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The CPRA amended the CCPA’s definition of a service provider such that, beginning Jan. 1, 2023, a service provider could include any person (not just a legal entity), and a service provider could be a business that receives personal information “on behalf of” another business. The CPRA also added the requirement that written contracts contain the following prohibitions in addition to the three prohibitions, that were originally contained in the CCPA:

  1. Selling or sharing personal information,1
  2. Retaining, using, or disclosing personal information “outside of the direct business relationship” between the service provider and the business,2 and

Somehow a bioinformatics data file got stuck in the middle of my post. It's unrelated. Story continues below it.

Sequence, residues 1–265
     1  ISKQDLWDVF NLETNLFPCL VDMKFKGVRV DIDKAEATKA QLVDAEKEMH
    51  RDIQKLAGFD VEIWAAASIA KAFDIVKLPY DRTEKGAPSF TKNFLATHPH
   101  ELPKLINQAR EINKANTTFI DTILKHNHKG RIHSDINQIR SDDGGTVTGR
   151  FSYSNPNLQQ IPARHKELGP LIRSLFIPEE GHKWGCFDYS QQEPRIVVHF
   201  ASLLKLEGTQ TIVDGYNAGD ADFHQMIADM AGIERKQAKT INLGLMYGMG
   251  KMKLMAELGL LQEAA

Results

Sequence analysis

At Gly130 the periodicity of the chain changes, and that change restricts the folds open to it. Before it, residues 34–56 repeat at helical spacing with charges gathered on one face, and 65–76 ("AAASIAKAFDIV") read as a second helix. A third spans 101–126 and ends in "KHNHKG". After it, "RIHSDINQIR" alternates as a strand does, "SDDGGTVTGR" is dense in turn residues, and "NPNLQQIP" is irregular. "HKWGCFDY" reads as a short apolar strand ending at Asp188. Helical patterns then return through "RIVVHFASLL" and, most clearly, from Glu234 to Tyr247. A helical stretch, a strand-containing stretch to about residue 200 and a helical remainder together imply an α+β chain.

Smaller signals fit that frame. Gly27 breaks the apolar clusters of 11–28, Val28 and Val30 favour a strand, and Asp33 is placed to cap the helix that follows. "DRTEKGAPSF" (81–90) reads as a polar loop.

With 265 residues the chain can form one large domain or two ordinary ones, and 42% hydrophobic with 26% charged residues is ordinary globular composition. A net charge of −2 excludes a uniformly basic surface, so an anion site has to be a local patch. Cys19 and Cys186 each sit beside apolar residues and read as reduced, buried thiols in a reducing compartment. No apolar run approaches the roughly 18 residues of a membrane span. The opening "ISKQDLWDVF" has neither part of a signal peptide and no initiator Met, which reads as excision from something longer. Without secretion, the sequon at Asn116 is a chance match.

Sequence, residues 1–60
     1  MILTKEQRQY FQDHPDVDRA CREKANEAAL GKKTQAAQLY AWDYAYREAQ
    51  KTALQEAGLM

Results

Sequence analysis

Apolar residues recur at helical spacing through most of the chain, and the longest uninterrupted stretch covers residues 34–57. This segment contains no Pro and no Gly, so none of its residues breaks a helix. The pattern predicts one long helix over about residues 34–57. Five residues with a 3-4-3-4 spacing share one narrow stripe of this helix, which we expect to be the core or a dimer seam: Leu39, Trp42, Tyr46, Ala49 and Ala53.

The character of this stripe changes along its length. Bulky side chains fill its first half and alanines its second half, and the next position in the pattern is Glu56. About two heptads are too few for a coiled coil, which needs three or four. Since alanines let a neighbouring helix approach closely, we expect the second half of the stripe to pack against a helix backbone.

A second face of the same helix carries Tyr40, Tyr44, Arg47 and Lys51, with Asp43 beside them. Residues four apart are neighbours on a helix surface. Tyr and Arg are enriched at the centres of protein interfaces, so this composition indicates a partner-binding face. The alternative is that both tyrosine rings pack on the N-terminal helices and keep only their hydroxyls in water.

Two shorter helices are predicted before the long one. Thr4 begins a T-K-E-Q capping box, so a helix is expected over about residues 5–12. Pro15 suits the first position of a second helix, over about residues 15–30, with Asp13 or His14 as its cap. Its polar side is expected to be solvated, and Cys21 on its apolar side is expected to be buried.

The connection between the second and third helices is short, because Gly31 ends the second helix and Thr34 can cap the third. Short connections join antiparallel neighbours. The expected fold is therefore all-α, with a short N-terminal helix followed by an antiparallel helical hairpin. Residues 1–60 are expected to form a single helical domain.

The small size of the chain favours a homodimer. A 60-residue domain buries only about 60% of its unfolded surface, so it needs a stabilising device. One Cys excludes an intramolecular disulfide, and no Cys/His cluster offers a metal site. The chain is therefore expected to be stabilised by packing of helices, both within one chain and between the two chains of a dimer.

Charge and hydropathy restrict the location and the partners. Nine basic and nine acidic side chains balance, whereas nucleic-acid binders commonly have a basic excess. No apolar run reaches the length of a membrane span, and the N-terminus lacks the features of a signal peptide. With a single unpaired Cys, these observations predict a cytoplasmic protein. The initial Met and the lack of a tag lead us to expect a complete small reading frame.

3. Combining (subject to some exceptions) the personal information that the service provider receives from one business with information that it receives from another business.3

Some attorneys may take the position that a CCPA-drafted service provider agreement that does not contain the aforementioned three specific prohibitions is insufficient to satisfy the definition of a service provider under the CPRA. From a substantive perspective, however, the three prohibitions added by the CPRA appear to be subsumed within the original three prohibitions contained within the CCPA. For example, a vendor that is contractually prohibited from “disclosing” personal information is functionally prevented from “selling or sharing” personal information (as both activities are forms of disclosure). As a result, it is difficult to identify a definitive category of vendors that is likely to qualify as a service provider under the CCPA, and yet not qualify as a service provider under the CPRA.

1 Cal. Civ. Code 1798.140(ag)(1)(A).

2 Cal. Civ. Code 1798.140(ag)(1)(C).

3 Cal. Civ. Code 1798.140(ag)(1)(D).